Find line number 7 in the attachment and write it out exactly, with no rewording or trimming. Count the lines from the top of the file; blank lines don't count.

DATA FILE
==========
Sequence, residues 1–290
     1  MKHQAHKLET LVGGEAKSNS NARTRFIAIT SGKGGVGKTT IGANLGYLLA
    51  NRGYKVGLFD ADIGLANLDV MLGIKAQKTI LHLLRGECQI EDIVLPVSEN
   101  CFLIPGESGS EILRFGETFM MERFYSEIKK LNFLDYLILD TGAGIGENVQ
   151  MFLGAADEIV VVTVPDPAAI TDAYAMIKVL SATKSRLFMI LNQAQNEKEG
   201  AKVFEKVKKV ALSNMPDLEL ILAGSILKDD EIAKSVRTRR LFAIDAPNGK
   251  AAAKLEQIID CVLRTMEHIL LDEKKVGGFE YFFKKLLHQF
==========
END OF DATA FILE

   251  AAAKLEQIID CVLRTMEHIL LDEKKVGGFE YFFKKLLHQF